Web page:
The founder of the Saturday Night Jazz Orchestra, Taka Hirohama, is collaborating with songstress Yoko Wende for three nights of big band jazz. Josiah Ng speaks with these cool cats about the history of big band music and finds out which artists are joining them at the concerts
The Saturday Night Jazz Orchestra puts on some of Hong Kong’s most authentic big band experiences. Fact. And, this fortnight, SNJO’s founder, Taka Hirohama, along with singer Yoko Wende, are bringing us Jazz Summer 2016. Prepare for three nights designed to immerse audiences in the art of big band swing, with each show headlined by an international performer in order to give Hongkongers a taste of what local and global big band jazz is all about.
Hirohama, a sax player who founded the SNJO in 1990, is largely responsible for swing jazz’s current presence in Hong Kong. He remembers fondly the first few gigs by the orchestra in our city, which were performed shortly after he moved here in 1989. “No-one I performed with at that time had actually played jazz before,” he recalls. “I remember being signed up for a Christmas party. I was told I had to help out with the music but I was the only one who could play jazz. They asked me to lead a band but the other musicians just couldn’t play the music, even if they had come from a marching band background.”
It took a few years for the orchestra to find its ground, says Hirohama. He explains that the first group of musicians he worked with in 1990 consisted of four piano players, four flautists and a quartet of guitar players. “How can you make a band from that?” he asks. “We were called the Shikuhaku Band at that time, which is a Japanese Buddhist term that describes a kind of endless suffering. It was a joke at first but I soon got very tired of hearing it, so I changed it.”
Fast forward 26 years and, after endless practices, performances and hard work, now the SNJO is the most renowned big band in Hong Kong. They’re known for their Saturday night engagements at the Fringe Club, as well as regular appearances in the city’s annual jazz festivals – basically, they’re a mainstay on the circuit. Hirohama's ambition is the same as when he started: to show and teach music lovers in the fragrant harbour a thing or two about jazz. He notes that it was on the bandstands in the USA that blacks and whites were first given equal status at a time when laws prevented African-Americans from even drinking from the same fountains and using the same toilets as white people. “Most people think jazz is difficult and different,” says Hirohama, “but it was really the first stage of pop music. It’s when people started to share the same music, so it became popular. To share jazz is to share history.”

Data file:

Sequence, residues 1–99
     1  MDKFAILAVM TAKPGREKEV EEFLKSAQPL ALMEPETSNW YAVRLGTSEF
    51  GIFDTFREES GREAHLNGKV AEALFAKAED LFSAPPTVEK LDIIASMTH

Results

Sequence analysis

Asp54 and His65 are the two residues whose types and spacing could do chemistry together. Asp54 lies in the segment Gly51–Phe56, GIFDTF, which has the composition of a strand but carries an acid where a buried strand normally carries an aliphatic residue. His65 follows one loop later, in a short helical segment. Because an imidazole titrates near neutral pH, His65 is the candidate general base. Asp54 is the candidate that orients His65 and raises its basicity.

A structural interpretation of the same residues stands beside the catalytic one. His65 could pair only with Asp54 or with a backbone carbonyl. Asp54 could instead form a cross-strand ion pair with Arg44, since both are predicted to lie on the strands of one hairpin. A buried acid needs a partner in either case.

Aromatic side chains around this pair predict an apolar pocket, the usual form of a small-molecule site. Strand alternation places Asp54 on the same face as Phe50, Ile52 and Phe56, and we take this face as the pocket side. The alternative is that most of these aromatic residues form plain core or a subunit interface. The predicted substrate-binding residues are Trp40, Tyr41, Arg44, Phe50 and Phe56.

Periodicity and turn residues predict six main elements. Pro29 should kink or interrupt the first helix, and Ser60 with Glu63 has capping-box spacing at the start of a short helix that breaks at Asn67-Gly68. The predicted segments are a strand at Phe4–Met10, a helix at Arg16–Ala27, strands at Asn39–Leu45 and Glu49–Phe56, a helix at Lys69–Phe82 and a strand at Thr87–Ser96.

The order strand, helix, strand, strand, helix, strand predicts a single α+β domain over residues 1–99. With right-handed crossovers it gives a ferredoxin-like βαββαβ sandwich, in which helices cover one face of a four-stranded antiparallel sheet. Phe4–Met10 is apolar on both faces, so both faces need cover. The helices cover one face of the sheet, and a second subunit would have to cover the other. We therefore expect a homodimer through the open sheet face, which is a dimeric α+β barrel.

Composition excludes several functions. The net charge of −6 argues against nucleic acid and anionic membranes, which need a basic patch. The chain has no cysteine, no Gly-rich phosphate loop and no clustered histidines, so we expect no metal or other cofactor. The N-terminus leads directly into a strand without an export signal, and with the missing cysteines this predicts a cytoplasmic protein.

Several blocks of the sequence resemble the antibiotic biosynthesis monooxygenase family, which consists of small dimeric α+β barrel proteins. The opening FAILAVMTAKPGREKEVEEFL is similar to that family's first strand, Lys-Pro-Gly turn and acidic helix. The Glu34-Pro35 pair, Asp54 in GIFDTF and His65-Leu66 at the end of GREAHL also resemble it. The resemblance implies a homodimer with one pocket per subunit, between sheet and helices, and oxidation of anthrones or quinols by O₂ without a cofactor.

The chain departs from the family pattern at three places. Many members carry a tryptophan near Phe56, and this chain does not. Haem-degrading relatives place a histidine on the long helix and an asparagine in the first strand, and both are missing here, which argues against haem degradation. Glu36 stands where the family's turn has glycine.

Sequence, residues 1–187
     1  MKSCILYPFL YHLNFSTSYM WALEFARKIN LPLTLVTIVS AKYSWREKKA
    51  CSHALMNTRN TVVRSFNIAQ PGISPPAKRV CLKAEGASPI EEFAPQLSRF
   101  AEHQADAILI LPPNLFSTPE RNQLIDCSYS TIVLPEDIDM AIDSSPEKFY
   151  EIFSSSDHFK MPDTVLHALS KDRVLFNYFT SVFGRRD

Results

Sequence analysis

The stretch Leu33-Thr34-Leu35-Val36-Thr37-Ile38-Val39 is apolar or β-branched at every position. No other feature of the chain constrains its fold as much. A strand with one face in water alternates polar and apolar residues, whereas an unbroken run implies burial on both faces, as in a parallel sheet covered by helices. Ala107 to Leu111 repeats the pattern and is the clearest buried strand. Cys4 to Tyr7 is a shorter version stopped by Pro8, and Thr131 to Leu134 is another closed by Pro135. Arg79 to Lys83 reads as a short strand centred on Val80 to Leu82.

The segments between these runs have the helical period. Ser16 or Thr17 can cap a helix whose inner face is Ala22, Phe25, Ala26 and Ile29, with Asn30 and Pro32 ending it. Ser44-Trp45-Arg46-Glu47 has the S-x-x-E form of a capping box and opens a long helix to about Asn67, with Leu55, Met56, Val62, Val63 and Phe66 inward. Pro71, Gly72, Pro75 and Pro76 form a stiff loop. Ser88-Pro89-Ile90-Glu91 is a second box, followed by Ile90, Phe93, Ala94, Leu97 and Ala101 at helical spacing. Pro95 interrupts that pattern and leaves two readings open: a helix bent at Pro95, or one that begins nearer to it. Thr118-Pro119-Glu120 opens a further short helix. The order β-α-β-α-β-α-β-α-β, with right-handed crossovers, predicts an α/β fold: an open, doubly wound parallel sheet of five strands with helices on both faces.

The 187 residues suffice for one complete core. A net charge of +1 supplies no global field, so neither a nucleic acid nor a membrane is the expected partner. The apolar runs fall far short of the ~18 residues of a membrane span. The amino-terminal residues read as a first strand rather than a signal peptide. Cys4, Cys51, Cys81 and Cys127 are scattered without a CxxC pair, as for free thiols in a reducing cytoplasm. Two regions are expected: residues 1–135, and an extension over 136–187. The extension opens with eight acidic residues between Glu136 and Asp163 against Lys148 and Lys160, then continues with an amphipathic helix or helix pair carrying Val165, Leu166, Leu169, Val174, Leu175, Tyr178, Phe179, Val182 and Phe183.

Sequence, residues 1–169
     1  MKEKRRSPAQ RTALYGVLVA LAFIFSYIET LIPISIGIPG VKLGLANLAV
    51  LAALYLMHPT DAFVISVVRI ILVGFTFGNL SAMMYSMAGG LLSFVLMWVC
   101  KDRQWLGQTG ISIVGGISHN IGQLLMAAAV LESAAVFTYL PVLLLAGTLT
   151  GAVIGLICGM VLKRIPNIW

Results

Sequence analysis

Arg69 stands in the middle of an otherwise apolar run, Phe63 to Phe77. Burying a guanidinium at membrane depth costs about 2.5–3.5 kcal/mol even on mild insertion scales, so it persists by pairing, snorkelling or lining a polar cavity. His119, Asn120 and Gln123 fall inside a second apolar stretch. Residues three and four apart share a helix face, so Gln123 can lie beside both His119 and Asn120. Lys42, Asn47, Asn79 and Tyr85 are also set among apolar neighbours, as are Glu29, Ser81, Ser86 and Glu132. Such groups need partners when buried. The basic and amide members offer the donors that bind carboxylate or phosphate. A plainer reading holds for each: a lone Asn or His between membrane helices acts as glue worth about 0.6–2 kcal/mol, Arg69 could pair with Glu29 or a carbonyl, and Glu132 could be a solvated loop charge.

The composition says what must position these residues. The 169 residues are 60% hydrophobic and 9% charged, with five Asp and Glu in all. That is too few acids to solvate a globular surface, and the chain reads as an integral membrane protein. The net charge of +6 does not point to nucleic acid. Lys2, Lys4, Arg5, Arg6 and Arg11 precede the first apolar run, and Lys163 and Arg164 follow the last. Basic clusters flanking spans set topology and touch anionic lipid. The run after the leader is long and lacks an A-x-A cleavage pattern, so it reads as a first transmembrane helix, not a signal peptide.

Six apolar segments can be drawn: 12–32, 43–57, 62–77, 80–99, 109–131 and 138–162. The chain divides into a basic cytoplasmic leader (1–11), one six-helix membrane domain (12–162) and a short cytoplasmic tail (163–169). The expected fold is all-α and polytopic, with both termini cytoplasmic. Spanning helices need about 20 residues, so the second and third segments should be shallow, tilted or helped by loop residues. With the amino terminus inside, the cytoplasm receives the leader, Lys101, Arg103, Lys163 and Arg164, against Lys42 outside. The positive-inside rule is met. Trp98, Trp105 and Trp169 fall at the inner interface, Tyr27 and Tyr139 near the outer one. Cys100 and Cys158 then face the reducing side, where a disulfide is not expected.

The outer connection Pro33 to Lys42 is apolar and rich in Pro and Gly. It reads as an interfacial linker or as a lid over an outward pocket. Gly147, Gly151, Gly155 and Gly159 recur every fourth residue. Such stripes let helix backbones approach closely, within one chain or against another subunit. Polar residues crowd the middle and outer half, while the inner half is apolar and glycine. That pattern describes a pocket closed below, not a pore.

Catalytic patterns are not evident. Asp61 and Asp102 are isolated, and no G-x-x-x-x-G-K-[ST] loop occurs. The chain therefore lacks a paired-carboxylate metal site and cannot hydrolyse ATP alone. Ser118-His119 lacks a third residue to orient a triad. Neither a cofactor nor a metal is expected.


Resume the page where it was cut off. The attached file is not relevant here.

Hirohama will be sharing this slice of history with Jazz Summer 2016 co-orangiser and first-rate jazz singer Yoko Wende. Born and raised in Tokyo, Wende earned a degree in international business in Japan before moving to New York. Originally intending to study business, she switched to acting after her involvement in a student musical. She eventually found her way to Hong Kong, where, inspired by bar and lounge singers, she realised a need to express herself and began singing in shows. Remarkably, Wende only played her first show last November after meeting Hirohama, who introduced her to jazz, just a few months prior. “I needed to express my intimate feelings,” she says of her desire to sing live. “I wanted to do acoustic evenings in small environments.” Wende says that, in particular, she finds the expressive side of jazz the most appealing. “Some singers sing like they’re singing and some sing like they’re talking. I prefer to sing as if I’m talking because it’s about the message we want to send.” With three nights of hot big band jazz on the way for Hongkongers, the message is loud and clear.
Of course, the best way to experience big band jazz is live and in colour, so don't miss the Saturday Night Jazz Orchestra over all three of the Jazz Summer 2016 nights. They’re also bringing in three headline acts to exhibit the art of jazz in an ensemble form.
On the first night, the orchestra will be joined by jazz trumpet virtuosa Aya Takazawa. Known for her smooth, evocative sound, she’ll be playing a wide scope of styles in what promises to be a treat for jazz lovers and novices alike. They’ll be joined by Taka’s own educational project, 40 Sax Swingin’, an alternative ensemble of, as the name suggests, 40 saxophones swinging in unison.
The second and third nights feature two great composers of the contemporary big band genre, Richard Sussman and Alan Chan. Sussman, arranger first and pianist second, has performed with some of the best in the business, including Lionel Hampton (who played with the Benny Goodman Quartet and Orchestra), and Randy Brecker, who was and is still at the forefront of fusion jazz with his Brecker Brothers group. Alan Chan is a multiple award-winning composer and arranger, and is directing some of his acclaimed originals on the final night of the event.
These giants are all supported by the best jazz orchestra in Hong Kong led by Hirohama, and are joined by Wende’s dulcet tones. Get ready to swing your heart out.